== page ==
Pioneers of innovation

  • Published
  • By Maj Mark Wagner
  • 22nd Contracting Squadron
Americans are innovators. We are part of a remarkable bloodline of problem-solvers, tinkerers and out-of-the-box thinkers. As Airmen, we continue this heritage by pushing the boundaries of what is possible, but I think it is important to give our inventive culture some historical context.

We all have an origin story and if you look for it, you may likely find some innovators in your lineage. My great, great, great grandfather, Phillip, was a young soldier in Germany. His experiences working closely with the Kiser motivated him to look for new opportunities abroad. One day he asked his brother to meet him on the docks in Hamburg and flip a coin: Heads – America, tails – South Africa. America won, and after a hard journey in 1894, they settled about 70 miles west of McConnell near Zenda, Kansas, with little more than $50, two shovels and a shotgun; just enough to start a farm.

Soon after that, things got innovative. Questions of what to eat, where to sleep or how to make a living were not answered for them. Their solution was creativity. They dammed creek for water and fish, broke sod for crops and built a home from local limestone. They didn’t call it innovation, it was just survival.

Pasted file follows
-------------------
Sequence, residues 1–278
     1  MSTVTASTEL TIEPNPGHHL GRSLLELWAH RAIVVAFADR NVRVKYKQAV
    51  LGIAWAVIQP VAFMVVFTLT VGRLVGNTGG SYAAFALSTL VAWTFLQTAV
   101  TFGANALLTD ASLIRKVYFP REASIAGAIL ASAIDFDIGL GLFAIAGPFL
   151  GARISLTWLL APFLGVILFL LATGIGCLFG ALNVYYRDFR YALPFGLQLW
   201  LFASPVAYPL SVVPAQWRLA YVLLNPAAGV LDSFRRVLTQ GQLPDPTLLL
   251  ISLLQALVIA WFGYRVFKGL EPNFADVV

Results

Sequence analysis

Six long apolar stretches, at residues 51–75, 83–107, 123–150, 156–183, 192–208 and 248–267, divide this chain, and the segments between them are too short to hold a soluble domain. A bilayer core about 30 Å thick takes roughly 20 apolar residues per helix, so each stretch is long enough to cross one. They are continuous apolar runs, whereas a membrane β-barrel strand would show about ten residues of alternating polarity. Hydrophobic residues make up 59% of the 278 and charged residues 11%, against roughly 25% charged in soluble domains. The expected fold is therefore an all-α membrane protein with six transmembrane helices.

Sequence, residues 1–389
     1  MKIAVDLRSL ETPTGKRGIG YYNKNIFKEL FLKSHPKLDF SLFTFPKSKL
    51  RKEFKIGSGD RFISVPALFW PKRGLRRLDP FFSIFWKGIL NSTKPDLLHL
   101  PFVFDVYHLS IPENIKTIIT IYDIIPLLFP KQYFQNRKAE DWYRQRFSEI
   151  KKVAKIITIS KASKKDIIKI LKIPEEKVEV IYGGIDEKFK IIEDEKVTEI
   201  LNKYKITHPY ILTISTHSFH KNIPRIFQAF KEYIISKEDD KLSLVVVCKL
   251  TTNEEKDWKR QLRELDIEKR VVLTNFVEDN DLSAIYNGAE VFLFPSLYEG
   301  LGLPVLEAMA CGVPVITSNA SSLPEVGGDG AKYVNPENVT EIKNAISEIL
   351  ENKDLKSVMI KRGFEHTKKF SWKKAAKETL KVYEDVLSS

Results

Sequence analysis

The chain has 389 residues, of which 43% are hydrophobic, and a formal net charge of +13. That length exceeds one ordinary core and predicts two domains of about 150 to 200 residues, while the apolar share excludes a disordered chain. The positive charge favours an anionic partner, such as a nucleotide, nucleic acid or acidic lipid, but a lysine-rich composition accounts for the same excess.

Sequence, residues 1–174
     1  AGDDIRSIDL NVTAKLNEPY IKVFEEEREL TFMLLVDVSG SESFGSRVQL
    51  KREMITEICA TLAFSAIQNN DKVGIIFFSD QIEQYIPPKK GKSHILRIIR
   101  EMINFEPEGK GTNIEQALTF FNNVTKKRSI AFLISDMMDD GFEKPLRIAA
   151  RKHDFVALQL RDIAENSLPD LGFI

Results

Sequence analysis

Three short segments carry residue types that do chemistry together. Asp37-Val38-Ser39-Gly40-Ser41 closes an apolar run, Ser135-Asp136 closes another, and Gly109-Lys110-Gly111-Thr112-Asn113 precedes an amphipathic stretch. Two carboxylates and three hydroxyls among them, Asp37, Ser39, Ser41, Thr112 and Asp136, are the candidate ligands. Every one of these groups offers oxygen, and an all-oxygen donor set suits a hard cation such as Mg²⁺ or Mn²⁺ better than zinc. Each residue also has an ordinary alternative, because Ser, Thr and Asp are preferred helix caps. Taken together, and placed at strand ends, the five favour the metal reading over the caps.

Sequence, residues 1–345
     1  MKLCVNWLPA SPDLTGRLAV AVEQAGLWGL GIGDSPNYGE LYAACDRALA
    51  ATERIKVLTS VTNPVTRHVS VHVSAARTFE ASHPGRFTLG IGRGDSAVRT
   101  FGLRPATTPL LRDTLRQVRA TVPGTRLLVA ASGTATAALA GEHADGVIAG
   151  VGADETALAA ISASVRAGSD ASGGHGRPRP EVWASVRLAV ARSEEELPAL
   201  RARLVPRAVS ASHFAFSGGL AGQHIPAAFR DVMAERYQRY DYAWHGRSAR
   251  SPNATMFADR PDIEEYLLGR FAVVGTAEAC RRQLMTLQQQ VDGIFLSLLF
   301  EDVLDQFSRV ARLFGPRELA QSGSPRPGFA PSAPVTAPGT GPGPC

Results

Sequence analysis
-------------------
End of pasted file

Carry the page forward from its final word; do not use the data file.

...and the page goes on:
Across the country, hundreds of thousands of Americans were doing the same thing, taking on problems and solving them wherever they were. Mr. Levi Strauss was in San Francisco making a better pair of pants with a cotton called jean. The Wright brothers achieved their first flight in 1903, and only five years later, the first airplane would fly over Wichita. By 1925, three men named Stearman, Beach and Cessna were building airplanes on what would become McConnell AFB. Think about that: It only took 22 years from Kitty Hawk to the founding of the aerospace industry in Wichita—that’s amazing.

In our current day, one thing hasn’t changed: survival and innovation are still entwined. Today, we don’t need to bust sod, we need to bust bureaucracy. We don’t need to carve a prop from wood, we need to 3-D print jet engines. Not too long ago, a pair of jeans was an advanced material; now it’s carbon-fiber polymers. We don’t need to solve many of the basic hardships that the original pioneers did, but we do face challenges. Yesterday’s innovation success allows us to stand on the shoulders of giants and reach even higher. Our air, space and cyberspace domains are contested, and we have to step up.

We’re the Airmen of McConnell and we have the honor of serving our nation on hallowed ground. This land was tamed by pioneers who broke the ground, who gave it to pioneers who built some of the first aircraft here, who gave it to us to pioneer new ways to defend this great land. Innovation is not a buzz-word. It’s in our blood, and it’s who we are. Let’s do this.